What Good Is ‘Community’ When Someone Else Makes All the Rules?
We imagine community as a co-created project in which everything can be negotiated, in which everyone has a stake, in which democracy can flourish. The digital platforms present rich, human-built spaces where we can gather, have a voice and feel supported. But their promise of community masks a whole other layer of control — an organizing, siphoning, coercive force with its own private purposes. This is what has been sinking in, for more of us, over the past months, as attention turns toward these platforms and sentiment turns against them.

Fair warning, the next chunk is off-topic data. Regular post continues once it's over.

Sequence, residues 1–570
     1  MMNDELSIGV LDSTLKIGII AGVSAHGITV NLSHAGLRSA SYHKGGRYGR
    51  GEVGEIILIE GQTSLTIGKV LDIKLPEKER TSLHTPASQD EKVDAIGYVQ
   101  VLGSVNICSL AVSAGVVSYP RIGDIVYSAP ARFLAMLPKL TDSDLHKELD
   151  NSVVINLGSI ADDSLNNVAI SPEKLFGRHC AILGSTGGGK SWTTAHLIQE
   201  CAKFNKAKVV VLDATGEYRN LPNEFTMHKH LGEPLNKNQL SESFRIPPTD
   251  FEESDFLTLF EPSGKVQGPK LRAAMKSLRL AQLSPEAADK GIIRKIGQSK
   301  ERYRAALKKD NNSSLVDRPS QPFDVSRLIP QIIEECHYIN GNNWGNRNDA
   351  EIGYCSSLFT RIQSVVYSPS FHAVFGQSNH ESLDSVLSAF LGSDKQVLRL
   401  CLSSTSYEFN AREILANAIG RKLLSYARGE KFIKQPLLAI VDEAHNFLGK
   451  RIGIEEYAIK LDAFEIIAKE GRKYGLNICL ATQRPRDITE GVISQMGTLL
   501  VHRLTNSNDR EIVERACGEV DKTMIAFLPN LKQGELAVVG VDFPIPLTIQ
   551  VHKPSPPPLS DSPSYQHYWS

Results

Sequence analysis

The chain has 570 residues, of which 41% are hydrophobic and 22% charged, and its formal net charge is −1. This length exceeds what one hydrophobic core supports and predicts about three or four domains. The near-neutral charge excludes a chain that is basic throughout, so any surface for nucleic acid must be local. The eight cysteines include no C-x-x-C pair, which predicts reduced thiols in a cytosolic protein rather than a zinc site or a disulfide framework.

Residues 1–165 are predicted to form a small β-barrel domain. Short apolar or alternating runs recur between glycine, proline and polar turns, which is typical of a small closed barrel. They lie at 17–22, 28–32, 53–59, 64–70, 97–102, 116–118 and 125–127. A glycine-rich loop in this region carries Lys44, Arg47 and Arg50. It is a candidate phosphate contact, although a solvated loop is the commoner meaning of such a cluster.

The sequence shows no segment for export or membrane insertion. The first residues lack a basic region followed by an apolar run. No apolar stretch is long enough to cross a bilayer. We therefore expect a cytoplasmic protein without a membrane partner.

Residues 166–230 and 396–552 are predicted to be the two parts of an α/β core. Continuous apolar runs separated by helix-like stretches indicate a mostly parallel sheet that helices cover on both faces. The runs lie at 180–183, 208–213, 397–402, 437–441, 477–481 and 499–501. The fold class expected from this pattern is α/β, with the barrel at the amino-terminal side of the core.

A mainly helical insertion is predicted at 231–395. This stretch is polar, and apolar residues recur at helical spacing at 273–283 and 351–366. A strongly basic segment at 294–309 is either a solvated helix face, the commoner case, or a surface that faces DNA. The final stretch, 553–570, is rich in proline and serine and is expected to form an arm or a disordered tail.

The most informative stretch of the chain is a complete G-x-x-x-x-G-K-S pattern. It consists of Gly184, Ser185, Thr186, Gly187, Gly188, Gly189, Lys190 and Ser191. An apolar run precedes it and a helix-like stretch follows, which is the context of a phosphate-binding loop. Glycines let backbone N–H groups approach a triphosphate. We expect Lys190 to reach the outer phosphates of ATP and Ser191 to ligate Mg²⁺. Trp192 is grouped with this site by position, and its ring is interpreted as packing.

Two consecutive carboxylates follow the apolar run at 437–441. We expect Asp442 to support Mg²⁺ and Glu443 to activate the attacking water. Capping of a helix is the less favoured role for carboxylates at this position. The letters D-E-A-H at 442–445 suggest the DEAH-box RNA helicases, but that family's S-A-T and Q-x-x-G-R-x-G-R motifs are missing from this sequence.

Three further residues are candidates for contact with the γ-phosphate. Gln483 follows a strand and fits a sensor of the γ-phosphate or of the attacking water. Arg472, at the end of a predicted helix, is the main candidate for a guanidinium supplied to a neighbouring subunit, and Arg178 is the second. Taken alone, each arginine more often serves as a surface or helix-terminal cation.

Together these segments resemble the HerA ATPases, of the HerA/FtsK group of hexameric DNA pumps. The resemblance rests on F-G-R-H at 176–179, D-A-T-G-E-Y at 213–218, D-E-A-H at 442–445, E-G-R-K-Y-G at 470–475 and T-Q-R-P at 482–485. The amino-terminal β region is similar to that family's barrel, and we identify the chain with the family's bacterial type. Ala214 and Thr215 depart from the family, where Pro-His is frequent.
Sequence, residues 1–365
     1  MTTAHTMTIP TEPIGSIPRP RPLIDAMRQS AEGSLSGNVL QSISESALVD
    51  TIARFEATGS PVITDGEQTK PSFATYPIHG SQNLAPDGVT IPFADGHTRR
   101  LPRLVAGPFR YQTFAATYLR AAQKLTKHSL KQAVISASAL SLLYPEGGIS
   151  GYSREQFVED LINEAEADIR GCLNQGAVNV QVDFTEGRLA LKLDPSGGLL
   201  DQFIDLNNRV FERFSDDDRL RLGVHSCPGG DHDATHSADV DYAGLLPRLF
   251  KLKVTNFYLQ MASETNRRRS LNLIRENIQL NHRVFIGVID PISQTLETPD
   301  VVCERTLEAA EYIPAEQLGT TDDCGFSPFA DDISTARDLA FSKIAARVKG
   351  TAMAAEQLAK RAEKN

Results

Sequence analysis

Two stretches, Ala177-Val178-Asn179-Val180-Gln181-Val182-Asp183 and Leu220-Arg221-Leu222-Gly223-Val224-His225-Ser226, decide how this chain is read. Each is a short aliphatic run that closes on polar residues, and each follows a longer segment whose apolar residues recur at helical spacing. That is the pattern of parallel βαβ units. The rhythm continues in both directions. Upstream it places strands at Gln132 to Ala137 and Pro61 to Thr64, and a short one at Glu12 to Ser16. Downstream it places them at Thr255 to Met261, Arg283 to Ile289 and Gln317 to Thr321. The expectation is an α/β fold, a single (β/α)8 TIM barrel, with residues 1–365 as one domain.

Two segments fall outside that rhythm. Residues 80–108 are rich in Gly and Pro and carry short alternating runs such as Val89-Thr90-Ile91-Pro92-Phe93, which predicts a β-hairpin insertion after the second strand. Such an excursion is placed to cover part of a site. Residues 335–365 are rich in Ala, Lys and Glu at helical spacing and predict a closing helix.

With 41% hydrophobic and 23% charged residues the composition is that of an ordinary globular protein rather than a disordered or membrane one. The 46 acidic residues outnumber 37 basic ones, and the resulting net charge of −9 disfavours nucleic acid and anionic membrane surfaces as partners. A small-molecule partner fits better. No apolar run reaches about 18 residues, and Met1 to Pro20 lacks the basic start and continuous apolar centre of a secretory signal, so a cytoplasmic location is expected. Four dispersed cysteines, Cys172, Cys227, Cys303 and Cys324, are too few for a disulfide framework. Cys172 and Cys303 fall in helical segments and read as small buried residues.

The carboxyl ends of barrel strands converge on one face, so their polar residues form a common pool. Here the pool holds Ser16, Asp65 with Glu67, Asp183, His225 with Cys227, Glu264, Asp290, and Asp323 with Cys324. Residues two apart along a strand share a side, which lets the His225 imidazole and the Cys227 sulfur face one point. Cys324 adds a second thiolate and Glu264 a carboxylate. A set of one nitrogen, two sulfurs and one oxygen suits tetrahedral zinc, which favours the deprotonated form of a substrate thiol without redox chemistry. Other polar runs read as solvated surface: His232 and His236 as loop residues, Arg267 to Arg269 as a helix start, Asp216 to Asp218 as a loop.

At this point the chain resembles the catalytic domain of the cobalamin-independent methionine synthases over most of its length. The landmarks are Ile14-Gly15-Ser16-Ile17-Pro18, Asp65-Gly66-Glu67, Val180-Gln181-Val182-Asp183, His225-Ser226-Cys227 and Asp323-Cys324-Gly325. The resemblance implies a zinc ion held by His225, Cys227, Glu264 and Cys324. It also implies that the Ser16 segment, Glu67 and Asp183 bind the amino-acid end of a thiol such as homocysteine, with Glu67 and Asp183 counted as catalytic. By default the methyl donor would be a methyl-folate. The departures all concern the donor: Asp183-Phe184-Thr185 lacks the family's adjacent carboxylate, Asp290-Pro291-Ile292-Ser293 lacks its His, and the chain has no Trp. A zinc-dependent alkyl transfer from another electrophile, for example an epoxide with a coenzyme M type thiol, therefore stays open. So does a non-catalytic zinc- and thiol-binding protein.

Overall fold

When you’re on Facebook, Facebook is the laws of nature, the force that creates its own ecosystem and determines its workings. It gets to send floods, bring droughts, strike down users and strip-mine their information, decide which community is targeted with what. It can build tools to censor the content a nation like China might wish to censor, and systems that suppress — or fail to suppress — content stoking ethnic cleansing in Myanmar. These powers aren’t jointly held; they’re entirely private. They eat away at the very thing that makes community worthwhile, until they’ve created something that’s not a community at all, but a simulation of one, a game with one winner and a community of losers.